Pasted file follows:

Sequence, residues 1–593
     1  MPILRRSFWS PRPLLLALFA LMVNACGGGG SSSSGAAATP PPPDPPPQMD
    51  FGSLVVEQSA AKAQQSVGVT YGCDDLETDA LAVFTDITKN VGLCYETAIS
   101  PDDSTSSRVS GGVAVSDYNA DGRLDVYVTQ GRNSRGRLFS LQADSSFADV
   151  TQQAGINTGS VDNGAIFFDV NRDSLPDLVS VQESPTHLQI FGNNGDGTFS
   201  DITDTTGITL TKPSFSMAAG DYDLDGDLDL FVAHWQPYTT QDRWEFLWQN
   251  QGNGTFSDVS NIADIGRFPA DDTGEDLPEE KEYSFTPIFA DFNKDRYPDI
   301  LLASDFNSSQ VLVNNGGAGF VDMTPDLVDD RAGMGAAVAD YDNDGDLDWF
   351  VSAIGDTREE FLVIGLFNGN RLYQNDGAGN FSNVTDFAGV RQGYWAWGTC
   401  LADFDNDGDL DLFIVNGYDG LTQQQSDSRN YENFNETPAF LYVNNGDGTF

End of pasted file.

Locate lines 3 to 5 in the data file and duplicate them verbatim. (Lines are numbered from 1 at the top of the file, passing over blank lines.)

    51  FGSLVVEQSA AKAQQSVGVT YGCDDLETDA LAVFTDITKN VGLCYETAIS
   101  PDDSTSSRVS GGVAVSDYNA DGRLDVYVTQ GRNSRGRLFS LQADSSFADV
   151  TQQAGINTGS VDNGAIFFDV NRDSLPDLVS VQESPTHLQI FGNNGDGTFS